‘client denied by server configuration’

Uh-oh, that sounds ominous when your site is broken and you’re seeing 100s of these entries in your Apache error log file.

Fortunately the culprit is usually pretty easy to track down.  We say usually, because there’s one case where it might not be quite as obvious, especially if you’re desperately searching Google for the answer whilst your site(s) are down or broken.

Suspect 1: Access control

The most common cause of client denied by server configuration error log entries is when you’re using Apache’s access control mechanisms to control who can and cannot view your site, or parts of it.  We’ll give a quick example of why you might use it, then we’ll move on to why you might get errors.

Imagine we have a troublesome user visiting our site, and we know they have an IP address that doesn’t change (192.0.2.1), we can block them from our site with a simple bit of configuration in either our Apache configuration file, or in a .htaccess (usually) in the root of our website:

Apache 2.2 (Apache 2.4 with mod_access_compat or LiteSpeed)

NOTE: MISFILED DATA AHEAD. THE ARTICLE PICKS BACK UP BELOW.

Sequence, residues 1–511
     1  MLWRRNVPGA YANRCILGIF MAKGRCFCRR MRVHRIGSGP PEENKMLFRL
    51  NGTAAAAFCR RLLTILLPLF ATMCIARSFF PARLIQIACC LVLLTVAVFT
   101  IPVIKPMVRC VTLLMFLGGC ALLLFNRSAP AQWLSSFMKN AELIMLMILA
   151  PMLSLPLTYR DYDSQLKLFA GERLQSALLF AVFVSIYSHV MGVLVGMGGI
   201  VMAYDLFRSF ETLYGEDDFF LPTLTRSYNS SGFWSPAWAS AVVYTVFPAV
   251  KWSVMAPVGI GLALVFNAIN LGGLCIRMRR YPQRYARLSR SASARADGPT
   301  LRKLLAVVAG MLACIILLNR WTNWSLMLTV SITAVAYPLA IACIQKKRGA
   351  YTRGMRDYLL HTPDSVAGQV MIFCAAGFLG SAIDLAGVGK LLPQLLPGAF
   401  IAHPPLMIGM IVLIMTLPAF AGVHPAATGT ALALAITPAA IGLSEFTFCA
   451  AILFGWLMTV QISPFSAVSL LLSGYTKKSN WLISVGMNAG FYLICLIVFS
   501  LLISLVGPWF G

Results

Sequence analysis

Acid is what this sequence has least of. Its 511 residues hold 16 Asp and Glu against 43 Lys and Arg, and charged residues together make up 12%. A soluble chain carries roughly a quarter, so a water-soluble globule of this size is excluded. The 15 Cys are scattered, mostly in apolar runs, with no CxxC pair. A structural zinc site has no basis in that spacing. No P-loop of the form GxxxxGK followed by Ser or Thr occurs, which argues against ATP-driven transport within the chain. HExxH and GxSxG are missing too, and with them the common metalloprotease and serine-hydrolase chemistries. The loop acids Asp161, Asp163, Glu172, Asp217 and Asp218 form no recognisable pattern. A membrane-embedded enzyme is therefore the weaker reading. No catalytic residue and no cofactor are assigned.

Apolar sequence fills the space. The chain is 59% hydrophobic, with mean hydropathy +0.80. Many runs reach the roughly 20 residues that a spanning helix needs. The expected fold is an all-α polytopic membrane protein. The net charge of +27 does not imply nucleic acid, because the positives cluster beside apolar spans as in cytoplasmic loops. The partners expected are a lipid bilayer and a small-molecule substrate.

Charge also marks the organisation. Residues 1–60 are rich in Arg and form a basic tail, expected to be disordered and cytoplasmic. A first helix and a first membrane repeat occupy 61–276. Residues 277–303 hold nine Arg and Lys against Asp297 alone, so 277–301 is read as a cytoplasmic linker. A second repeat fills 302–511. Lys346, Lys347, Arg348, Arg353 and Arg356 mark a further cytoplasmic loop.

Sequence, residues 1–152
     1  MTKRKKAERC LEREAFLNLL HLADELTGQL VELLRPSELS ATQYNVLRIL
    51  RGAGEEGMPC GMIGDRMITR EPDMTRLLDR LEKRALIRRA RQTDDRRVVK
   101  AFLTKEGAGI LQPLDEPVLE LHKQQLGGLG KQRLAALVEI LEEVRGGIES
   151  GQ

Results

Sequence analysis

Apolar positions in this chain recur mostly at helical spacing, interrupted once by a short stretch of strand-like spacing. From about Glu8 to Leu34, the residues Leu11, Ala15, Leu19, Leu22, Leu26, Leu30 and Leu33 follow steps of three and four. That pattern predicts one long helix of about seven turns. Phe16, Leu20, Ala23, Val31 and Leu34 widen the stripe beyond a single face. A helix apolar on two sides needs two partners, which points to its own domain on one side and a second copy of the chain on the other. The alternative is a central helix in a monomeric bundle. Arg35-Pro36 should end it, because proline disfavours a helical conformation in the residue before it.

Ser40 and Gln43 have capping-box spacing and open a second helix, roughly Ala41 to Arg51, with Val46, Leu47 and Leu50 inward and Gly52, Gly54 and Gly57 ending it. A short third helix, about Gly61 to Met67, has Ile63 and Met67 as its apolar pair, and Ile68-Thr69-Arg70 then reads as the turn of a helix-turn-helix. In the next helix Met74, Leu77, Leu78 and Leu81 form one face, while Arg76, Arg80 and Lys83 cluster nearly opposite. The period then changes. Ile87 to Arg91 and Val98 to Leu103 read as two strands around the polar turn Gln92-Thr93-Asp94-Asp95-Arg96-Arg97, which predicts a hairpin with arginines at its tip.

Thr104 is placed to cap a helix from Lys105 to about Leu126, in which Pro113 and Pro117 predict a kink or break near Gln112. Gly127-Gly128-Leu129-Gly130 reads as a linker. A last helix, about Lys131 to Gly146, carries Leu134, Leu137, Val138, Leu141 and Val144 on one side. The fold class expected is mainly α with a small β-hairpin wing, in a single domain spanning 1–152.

Order Allow,Deny
Allow from all
Deny from 192.0.2.1

Apache 2.4 (or LiteSpeed)

<RequireAll>
  Require all granted
  Require not ip 192.0.2.1
<RequireAll>

This will block any access from the IP address 192.0.2.1, and you can also block based on lots of other criteria as well, the Apache Access Control documentation covers it pretty well.

Now imagine a few years have passed, that problem user now no longer uses that IP address, it’s used by someone else who wants to access your site, but they’re getting a 403 Forbidden message in their browser telling them they can’t access your site:

 

That’s not good for business, so you or your host take a look at your error logs and in your error log the full error might look like this:

[Tue Jul 20 10:45:41.382781 2021] [:error] [pid 12345:tid 17933105366672] [client 192.0.2.1:42086] client denied by server configuration: https://example.org/a-web-page, referer: https://example.org

To find out why, we’d look in our .htaccess file and in our Apache configuration to see if we can see that IP address 192.0.2.1 in relation to the access control examples shown above and we spot the entry denying them access, delete it, save the file and the user can access your site again.

If you can’t see an entry in relation to access control, then read on.

Suspect 2: mod_evasive

Now this one can be a tricky little character, because the error message is exactly the same as for access control, so if you don’t know you’re running mod_evasive then you might not think to check to see if it is the issue – That’s if you can even check or have any control over the settings for it.

mod_evasive is designed to protect your website from low level Denial-of-Service (DoS) attacks, where an attacker will make lots of requests to your site, hoping to use up all of your CPU and or memory resources and stop your site working and denying service to legitimate users.  It does this by putting in place a number of limits such as: